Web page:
March 14 opposition MPs launched a strong attack on Prime minister Najib Mikati and his cabinet on Tuesday, the first day of the Parliament session which ends on Thursday and intended to discuss the performance of the government .
Speaker Nabih Berri gave the floor first to Mikati who acknowledged certain shortcomings while defending his government as providing Lebanon with stability. He defended his policy of dissociating Lebanon from the events in Syria.
“The government had certain priorities, the main one being stability as pertains to three factors, stability in the south … financing the Special Tribunal for Lebanon … and events in the region, particularly in Syria,” Mikati said
Deputy Parliament Speaker Farid Makari who was the first member of the opposition to address the session, launched a scathing attack on Mikati, accusing him of encouraging “terrorism.”
He said the cabinet was made up by a “forged majority” that was “born in the dark and forced us to live in the dark.”
Makari also described the government as “decomposing over its growing differences,” saying Mikati should resign before losing more credibility.
He also addressed the cabinet’s decision “to dissociate” Lebanon from Syrian developments and said “this position is [tantamount] to participating in the crime and conspiring with the criminal.”
“It is a scandal to dissociate oneself from confronting the security movements carried out by the Syrian regime and its supporters inside Lebanon.”
Makari added that Al-Jadeed cameraman Ali Shaaban “paid the price for the cabinet’s negligence… to maintain sovereignty and protect [Lebanese] citizens.”
Lebanese Forces MP Antoine Zahra continued with the criticism that the deputy speaker had started, saying the cabinet has taken the country back to the era of “tutelage”.
“Nobody trusts you anymore,” he told the ministers who flanked the premier at the session.
“Go back to your consciences,” he said as he urged “the de facto forces” to provide his personal protection so that he could take part in the 2013 elections.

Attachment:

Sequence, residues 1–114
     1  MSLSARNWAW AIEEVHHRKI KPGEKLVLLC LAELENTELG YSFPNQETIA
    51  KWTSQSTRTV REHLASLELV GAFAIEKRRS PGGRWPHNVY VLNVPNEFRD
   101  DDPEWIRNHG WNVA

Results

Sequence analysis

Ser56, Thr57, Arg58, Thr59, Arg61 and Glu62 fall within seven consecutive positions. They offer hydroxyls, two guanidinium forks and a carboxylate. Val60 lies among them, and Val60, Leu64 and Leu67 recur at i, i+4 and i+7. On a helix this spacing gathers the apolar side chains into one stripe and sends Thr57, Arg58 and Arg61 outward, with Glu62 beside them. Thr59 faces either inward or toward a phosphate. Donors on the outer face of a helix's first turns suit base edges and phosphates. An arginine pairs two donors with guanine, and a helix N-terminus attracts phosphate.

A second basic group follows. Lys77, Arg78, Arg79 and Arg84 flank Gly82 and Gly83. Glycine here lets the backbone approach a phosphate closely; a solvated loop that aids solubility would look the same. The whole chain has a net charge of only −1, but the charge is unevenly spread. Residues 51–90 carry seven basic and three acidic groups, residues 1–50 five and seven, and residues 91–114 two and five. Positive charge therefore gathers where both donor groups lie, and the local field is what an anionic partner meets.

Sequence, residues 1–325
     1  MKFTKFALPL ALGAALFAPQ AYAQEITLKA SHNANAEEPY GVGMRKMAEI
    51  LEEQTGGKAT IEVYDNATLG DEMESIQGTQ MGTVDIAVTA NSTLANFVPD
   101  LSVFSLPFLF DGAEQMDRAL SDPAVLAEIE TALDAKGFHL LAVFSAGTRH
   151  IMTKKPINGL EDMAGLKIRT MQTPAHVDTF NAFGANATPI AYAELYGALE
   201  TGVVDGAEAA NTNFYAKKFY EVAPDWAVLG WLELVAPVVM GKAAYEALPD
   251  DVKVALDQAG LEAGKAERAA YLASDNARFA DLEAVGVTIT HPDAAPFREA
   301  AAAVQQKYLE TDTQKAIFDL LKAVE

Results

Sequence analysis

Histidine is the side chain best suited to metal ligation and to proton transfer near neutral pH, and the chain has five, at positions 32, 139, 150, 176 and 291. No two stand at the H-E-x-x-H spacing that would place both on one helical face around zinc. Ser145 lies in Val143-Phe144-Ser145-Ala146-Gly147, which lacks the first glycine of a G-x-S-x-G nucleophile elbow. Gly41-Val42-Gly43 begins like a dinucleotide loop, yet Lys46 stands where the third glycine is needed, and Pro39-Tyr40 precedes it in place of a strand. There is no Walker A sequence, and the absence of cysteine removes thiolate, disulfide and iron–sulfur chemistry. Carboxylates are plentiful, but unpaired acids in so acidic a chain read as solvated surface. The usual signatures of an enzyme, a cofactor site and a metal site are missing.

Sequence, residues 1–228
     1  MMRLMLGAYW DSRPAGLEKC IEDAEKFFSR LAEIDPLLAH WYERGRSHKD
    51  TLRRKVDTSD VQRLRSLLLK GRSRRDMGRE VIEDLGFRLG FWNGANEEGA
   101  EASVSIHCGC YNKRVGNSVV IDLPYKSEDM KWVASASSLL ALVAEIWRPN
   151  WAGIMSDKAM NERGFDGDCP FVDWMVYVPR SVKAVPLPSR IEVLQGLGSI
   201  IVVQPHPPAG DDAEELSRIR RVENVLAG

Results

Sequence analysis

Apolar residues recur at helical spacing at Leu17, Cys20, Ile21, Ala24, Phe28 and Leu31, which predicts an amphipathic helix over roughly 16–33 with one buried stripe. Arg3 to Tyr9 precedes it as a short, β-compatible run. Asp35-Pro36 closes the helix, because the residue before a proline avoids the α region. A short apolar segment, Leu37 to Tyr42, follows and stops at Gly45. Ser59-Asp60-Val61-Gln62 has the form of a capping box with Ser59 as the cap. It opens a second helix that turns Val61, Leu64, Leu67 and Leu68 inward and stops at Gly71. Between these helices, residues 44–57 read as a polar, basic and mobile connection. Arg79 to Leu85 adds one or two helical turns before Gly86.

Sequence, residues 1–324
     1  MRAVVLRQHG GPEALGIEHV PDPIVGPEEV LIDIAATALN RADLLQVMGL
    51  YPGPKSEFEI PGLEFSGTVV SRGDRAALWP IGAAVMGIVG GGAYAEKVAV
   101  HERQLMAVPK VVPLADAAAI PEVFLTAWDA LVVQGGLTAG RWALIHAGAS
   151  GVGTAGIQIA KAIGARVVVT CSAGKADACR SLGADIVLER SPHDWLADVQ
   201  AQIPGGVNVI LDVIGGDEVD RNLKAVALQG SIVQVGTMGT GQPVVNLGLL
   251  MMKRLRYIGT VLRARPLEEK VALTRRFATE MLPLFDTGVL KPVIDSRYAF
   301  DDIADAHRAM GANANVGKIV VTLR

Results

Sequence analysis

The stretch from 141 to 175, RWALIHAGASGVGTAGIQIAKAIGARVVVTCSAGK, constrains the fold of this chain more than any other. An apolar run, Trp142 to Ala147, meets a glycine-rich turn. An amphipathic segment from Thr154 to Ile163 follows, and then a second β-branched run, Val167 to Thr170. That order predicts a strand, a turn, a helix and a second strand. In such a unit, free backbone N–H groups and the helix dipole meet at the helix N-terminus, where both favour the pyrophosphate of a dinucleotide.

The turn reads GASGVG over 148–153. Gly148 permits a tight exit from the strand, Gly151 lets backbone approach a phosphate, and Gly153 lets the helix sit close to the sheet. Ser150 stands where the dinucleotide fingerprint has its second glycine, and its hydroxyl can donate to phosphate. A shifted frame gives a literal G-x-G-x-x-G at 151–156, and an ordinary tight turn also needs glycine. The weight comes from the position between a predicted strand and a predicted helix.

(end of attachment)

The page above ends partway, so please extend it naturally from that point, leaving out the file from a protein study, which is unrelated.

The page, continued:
He also slammed the government for involvement in the red diesel scandal, for severe power cuts and bad mobile phone services.
“This cabinet is insulting the parliament’s role, and we cannot hold it accountable because it was imposed on us ”
He also called for forming a parliamentary commission to probe into the issue of electricity and asked about the results of the investigation into the issue of spoiled food.
MP Robert Ghanem, called for a serious dialogue to protect the country and the Lebanese people.
“Unfortunately we have not learnt from [previous] mistakes. It is time for [Lebanon’s] cabinet to be one and not cabinets within a cabinet,” Ghanem added in reference to the internal disputes within the government.
“The parliament is the appropriate place to launch a serious dialogue to lead to a reconciliation among the Lebanese people and strengthen Lebanon [amid] regional challenges.” He added
MP Marwan Hamadeh said that Prime Minister Najib Mikati’s cabinet included “scared and indifferent” people and was formed amid the presence of non-state arms.
“One party is in control. Either directly through its own ministers or indirectly through the ministers allied with it,” Hamadeh said in an implicit reference to Hezbollah.
The MP also addressed the assassination attempt against Lebanese Forces leader Samir Geagea, saying the incident “warns of miserable days ahead.”
“For them, Syrian President [Bashar al-Assad] is always right, the Syrian people is always wrong and the United Nations is always biased.” An implicit reference to Hezbollah